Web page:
Dharamshala, India — Chinese authorities in Sershul county in the Kardze region of esatern Tibet have arrested three Tibetans after a man in his 20s shouted slogans calling for the release of the 11th Panchen Lama, who disappeared into Chinese custody as a child in 1995, becoming the world's youngest political prisoner.
The three Tibetan were identified as Wangchen, Lobsang and Yonten and will be tried by a local court in about 15 days. Wangchen, a young Tibetan believed to be aged in his 20s, had chanted prayers and shouted slogans while taking part in a prayer ceremony on April 29, 2019 on a hill behind a monastery in Sershul county in eastern Tibet where local Tibetans hanged wind horse prayer flags and conducted smoke offerings, a local source said.
'Wangchen shouted slogans calling for the release of the 11th Panchen Lama and for the reunion of the 11th Panchen Lama and His Holiness the 14th Dalai Lama in Tibet,' the source said, adding: 'Only Wangchen recited the prayers and shouted the slogans, during an offering ceremony and the hanging of prayer flags on the hill behind Sershul monastery.'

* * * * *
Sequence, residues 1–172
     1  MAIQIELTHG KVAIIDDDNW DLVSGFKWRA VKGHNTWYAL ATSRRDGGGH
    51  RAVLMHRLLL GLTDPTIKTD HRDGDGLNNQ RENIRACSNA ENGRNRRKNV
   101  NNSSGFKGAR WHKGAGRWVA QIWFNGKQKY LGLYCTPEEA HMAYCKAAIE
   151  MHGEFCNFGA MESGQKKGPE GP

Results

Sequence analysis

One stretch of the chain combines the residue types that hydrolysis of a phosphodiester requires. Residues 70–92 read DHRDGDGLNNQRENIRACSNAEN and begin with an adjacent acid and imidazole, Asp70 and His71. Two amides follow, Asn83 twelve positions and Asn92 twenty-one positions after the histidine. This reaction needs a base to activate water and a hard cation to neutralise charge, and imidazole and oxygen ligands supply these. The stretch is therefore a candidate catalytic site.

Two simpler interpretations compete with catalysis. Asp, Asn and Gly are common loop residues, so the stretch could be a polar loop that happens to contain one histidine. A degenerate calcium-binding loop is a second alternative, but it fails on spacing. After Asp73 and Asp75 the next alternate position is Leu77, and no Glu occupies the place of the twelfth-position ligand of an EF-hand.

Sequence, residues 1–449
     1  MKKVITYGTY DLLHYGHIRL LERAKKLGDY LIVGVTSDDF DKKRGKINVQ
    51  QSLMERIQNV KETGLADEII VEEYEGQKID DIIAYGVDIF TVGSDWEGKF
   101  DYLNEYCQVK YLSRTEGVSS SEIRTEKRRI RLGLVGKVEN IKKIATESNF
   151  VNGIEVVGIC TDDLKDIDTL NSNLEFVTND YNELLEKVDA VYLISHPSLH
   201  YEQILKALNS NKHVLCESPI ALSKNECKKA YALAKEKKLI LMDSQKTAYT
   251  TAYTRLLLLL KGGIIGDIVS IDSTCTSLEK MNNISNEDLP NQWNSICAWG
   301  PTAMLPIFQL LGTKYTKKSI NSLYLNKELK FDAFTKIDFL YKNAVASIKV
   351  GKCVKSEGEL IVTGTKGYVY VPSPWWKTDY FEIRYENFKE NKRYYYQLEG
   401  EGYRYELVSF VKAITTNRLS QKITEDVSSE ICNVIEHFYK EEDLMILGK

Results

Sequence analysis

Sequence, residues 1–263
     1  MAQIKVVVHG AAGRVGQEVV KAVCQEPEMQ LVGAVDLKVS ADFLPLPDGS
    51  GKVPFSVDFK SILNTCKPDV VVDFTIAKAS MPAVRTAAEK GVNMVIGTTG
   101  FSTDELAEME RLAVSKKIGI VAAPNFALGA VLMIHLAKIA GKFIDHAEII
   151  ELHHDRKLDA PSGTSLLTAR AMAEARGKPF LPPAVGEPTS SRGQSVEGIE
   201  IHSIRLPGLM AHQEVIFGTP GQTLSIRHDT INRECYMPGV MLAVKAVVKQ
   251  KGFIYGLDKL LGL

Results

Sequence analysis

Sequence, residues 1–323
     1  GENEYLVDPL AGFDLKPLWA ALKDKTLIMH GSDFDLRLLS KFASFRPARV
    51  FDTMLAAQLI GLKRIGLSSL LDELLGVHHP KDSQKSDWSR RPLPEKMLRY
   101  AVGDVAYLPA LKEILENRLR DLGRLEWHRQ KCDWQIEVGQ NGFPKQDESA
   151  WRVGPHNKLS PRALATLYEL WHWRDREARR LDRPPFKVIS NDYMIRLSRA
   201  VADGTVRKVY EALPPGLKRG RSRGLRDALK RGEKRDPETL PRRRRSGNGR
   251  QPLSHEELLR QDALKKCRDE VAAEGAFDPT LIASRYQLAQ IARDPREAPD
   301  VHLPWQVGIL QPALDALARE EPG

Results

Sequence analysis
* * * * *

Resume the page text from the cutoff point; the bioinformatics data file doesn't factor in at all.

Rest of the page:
Another Tibetan who is reportedly physically disabled and unable to talk was among the group of four arrested and has now released. But Lobsang, Yonten, and person who was physically disabled—were also detained as Wangchen's accomplices, the source further added.
The source also said that their mobile phones confiscated and internet access blocked. They are now being held at the People’s Court in Sershul County. No one is allowed to meet with them until the court issues a verdict within 15 days.
As the harvest season for caterpillar fungus is coming soon, other local Tibetans gathered on the hillside had advised Wangchen not to shout the political slogans, warned him that he might be arrested by Chinese police. But he responded by saying "more than 150 Tibetans have already self-immolated and that we should shoulder the burden of responsibility,” the source said.
The Chinese Communist totalitarian regime began their invasion of Tibet in 1949, reaching complete occupation of the country in 1959. Since that time, more than 1.2 million people, 20% of the nation's population of six million, have died as a direct result of China's invasion and occupation. In addition, over 99% of Tibet's six thousand religious monasteries, temples, and shrines, have been looted or decimated resulting in the destruction of hundreds of thousands of sacred Buddhist scriptures.